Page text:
Wednesday, July 24, 2024

Monroe Hall Sets a Trend for Sustainable Energy with Geothermal System at the W&M Campus

President Rowe photographed the drilling for geothermal well fields at Monroe Hall. A construction crew installs wells for the geothermal system that will heat and cool Monroe Hall. (Photo by Stephen Salpukas/W&M News)

WILLIAMSBURG — As part of the Housing and Dining Comprehensive Facilities Plan, William & Mary (W&M) is installing a geothermal system that aims to efficiently and sustainably heat and cool Monroe Hall according to W&M News.

The new system, expected to be up and running when students return in 2024, is being installed behind Monroe Hall near the Sunken Garden and Richmond Road.

Monroe Hall is the first building at W&M to connect to a geothermal system, according to the report.

Christopher Bailey, professor and chair of the geology department, explained how in most places, the temperature gradually increases as one goes deeper into the earth due primarily to small amounts of radioactive elements in rocks and sediment. As they decay, they release heat. Because rocks are slow conductors of heat, heat increases with depth.

The geothermal system will improve energy efficiency while decreasing the university’s carbon footprint without compromising the aesthetics of the campus. Maggie Evans, associate vice president for student affairs, noted W&M will eventually add signage or other information in the building so they can better understand the engineering, planning, design and benefits of the project, according to the report.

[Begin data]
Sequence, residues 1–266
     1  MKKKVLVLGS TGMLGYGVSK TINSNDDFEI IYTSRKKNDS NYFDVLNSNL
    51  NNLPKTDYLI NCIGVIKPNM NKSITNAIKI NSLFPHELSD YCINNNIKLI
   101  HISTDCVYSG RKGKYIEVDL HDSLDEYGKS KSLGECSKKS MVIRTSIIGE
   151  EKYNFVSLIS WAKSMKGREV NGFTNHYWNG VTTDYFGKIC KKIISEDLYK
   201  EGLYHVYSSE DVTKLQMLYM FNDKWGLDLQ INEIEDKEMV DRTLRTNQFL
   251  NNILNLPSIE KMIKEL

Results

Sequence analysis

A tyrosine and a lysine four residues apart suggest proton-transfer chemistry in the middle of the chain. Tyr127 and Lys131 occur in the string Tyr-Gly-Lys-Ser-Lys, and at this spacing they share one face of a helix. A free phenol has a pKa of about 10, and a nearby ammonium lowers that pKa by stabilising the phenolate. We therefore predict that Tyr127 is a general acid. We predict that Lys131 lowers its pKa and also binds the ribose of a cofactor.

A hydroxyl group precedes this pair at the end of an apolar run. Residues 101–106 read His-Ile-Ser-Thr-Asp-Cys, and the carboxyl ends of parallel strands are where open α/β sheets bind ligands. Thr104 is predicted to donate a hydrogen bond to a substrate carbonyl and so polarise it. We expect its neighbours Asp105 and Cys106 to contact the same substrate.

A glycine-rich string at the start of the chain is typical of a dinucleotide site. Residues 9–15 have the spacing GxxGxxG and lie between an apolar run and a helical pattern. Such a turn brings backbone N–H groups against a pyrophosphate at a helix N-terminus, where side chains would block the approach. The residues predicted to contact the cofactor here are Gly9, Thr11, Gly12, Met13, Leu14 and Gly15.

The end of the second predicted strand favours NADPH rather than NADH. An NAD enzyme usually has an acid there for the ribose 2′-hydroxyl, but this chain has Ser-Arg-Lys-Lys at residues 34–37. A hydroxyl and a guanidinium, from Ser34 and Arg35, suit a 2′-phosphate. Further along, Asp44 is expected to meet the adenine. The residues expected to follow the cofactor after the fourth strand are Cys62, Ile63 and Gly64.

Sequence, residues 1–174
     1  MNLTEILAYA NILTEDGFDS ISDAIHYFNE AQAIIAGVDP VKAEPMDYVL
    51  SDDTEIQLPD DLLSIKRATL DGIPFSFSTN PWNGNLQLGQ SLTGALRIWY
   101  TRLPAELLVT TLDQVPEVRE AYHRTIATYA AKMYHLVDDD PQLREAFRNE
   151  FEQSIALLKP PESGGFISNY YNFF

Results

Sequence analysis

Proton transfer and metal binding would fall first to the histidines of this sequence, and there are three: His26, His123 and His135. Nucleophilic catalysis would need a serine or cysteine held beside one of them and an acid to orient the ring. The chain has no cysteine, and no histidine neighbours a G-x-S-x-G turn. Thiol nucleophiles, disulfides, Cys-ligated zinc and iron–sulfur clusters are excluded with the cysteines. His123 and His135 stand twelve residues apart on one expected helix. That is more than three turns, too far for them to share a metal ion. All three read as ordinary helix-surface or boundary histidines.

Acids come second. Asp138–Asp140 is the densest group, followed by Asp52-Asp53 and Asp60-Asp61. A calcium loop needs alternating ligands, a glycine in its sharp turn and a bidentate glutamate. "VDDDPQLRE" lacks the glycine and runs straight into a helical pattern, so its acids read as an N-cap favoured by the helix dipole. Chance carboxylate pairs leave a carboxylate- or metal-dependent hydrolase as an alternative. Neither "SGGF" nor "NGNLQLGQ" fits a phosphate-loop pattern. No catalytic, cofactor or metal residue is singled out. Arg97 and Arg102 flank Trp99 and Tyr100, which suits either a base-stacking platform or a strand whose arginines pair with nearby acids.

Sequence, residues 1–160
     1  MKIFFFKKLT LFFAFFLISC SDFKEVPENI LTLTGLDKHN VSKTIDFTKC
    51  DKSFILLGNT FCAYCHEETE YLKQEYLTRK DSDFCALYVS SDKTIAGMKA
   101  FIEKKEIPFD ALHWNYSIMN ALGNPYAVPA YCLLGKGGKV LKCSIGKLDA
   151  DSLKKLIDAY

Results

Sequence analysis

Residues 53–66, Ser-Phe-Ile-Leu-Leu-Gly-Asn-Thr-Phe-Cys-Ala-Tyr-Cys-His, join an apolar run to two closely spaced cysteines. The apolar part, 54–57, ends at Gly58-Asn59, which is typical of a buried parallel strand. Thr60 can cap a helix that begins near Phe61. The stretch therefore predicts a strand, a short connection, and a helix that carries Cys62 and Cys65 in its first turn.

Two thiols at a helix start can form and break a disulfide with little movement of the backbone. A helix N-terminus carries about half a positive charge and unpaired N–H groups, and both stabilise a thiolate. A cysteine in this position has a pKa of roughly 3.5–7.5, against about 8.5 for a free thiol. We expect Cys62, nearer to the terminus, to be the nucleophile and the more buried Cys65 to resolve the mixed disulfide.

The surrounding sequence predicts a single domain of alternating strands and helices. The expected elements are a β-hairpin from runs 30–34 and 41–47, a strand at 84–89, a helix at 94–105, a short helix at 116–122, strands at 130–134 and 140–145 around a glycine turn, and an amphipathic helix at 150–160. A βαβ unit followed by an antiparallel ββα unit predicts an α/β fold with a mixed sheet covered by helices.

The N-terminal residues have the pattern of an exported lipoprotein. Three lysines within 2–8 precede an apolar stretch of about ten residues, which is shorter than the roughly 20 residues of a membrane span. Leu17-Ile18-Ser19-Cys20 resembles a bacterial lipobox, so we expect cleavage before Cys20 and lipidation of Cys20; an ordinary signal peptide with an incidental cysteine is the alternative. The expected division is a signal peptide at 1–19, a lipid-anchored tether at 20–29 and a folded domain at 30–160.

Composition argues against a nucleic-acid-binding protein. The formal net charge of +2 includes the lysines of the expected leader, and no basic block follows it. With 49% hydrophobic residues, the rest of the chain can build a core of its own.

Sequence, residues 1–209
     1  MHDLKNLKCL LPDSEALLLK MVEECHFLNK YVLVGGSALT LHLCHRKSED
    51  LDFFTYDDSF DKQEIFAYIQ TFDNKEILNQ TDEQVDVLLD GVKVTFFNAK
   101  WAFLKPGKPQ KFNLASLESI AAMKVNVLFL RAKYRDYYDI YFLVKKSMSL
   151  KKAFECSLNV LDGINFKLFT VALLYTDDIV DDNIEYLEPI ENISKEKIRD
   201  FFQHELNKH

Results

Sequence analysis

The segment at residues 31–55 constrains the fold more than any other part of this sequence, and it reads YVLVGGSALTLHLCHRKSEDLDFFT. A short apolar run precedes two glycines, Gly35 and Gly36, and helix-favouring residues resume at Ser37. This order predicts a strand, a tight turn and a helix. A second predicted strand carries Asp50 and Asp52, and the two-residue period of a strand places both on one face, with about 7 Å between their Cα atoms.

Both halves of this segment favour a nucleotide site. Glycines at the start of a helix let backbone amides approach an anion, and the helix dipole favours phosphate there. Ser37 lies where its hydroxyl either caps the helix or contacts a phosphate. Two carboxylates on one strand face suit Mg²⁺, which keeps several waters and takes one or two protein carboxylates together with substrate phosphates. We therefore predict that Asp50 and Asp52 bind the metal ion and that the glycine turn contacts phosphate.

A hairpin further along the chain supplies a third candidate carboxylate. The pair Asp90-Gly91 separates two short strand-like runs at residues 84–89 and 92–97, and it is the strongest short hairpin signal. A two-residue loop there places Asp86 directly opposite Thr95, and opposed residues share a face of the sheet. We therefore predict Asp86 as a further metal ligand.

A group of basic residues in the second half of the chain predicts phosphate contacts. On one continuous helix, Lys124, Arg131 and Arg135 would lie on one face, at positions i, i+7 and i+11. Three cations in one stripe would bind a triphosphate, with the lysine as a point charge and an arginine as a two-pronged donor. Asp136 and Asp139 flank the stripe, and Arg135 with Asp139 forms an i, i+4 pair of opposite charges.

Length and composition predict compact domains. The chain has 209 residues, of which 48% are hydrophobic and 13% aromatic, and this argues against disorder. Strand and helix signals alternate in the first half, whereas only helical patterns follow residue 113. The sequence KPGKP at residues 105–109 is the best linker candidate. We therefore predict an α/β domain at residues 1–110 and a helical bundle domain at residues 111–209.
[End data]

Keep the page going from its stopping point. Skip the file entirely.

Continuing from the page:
W&M News reports the university will renovate or replace 80% of its campus residences and add two new dining spaces to the campus over the next decade, and the geothermal systems that are part of that plan as part of W&M’s Climate Action Roadmap.

Old Dominion Hall and the new West Woods housing and dining facilities will also connect to a geothermal system. Both projects are slated for completion in 2025, it added.

In addition to boosting energy efficiency, the transition to geothermal systems will significantly cut costs, states W&M News.

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